RH: It was pretty much for the family and friends. We’d have cookouts on the weekend and stuff like that. After a couple years of making brisket, people would ask me to make some for things like their kids’ birthday parties and I said, “Nah, I don’t do that.” They told me my food was incredible and that I should open a restaurant and I said, “Nah, real estate is my thing, I take care of my family and I do well.” Finally, later on in life barbecue became big up here, and then I really got bit and thought I really should just do it. So 2017 is when I opened Juicy Lucy, but even right around in the beginning of the 2000’s I knew I had to do it eventually, so I just talked myself into it and that was it.

FK: How did you decide to name the restaurant Juicy Lucy?

RH: There’s another story to that. I played in a heavy metal band my whole life, we traveled all over the country. A buddy of mine wound up moving out to California when we were in our 30s. He was in a bad car accident, and his wife called me and said he wanted to see me and that I should get out there in the next day or two. I have a terrible fear of flying, but I said I’ll get out there today. So I called all the airlines, and they had no direct flights, which I hated. There was one with a layover in Minneapolis-St. Paul so I took it but it had a five hour layover, but I needed to take the flight.

While I was on the flight, the stewardess could see I was nervous and kept asking me if I was okay. I told her I was fine once we were up in the air, but I had to do the whole thing again in five hours. She asked what I was doing during my layover and said if I was hungry I should get a Juicy Lucy. I told her I was always hungry but didn’t know what a Juicy Lucy was. I thought maybe a strip club. She said, “No, no, no, it’s a hamburger.” I said, “Listen, I live in New York City, I’ve been everywhere there is to go and I’ve never heard of a Juicy Lucy.” She explained that it was a stuffed burger with cheese inside and it was invented there. She told me to take a cab and go to Matt’s. The 501 Club and Matt’s are known for their Juicy Lucys, they kind of invented it there. I said, “Alright, I’ll give it a shot.”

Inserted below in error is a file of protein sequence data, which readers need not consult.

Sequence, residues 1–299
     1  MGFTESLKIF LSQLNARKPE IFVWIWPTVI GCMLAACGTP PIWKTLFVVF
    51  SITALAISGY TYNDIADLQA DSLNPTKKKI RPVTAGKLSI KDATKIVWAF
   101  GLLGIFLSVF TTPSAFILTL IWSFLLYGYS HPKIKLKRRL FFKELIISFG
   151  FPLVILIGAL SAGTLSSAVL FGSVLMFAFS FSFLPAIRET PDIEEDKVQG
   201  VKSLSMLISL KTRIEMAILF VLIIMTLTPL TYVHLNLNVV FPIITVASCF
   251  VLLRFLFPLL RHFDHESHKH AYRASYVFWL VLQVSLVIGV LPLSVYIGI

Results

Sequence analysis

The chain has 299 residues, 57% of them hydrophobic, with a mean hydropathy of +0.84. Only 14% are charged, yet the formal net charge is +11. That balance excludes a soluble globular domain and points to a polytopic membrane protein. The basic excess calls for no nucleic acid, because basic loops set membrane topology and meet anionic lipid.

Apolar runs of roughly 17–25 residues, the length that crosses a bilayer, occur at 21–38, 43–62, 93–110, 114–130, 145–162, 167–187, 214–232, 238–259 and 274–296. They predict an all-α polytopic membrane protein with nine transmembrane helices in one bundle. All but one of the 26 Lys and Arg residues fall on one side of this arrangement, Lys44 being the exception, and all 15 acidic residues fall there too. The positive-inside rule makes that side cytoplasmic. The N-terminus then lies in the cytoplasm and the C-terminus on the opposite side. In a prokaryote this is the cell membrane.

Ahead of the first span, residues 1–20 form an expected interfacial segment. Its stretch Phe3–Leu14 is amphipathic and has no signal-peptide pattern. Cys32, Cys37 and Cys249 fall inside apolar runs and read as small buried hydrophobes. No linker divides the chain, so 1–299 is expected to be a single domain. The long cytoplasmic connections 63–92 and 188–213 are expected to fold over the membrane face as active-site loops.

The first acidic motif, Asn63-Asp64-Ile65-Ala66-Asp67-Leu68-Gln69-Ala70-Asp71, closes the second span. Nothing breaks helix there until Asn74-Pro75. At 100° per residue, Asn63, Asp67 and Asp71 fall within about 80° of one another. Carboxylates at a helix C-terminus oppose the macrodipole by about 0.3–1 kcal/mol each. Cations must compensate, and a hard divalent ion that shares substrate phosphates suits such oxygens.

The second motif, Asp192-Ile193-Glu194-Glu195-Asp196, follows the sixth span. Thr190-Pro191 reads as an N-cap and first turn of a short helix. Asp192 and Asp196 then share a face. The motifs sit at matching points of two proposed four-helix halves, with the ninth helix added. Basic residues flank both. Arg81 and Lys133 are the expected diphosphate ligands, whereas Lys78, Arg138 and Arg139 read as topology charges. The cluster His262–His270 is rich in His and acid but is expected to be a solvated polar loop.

I went there, and it was the best. I’m a meat guy, it was the best burger I’ve ever had to this day. It hooked me so much that I decided if I ever opened a restaurant I would name the place Juicy Lucy. There’s a million different names, Blue Smoke, Red Smoke, Orange Smoke, all different things like Hog Heaven. Nobody in the world has Juicy Lucy or would even think about that being the name for a barbecue joint.


FK: How would you describe your style of barbecue?

RH: Central Texas. We are salt and pepper only, our beef is anyways. When we do beef ribs on the weekend, it’s salt and pepper. Our brisket, obviously it’s won Brisket King® a few times now, it’s salt and pepper, it’s low and slow, it’s 225˚. I tell everybody who asks me how I do it. I’m not one of those guys that says it’s a secret, I tell anybody that asks me: it’s all oak wood, it’s all offset, there is no propane assist or gas assist in any of my smokers, they’re all stick burners, I cook everything at 225˚ for between thirteen and sixteen hours depending on the size of the protein I’m cooking and it’s all salt and pepper. There’s nothing else.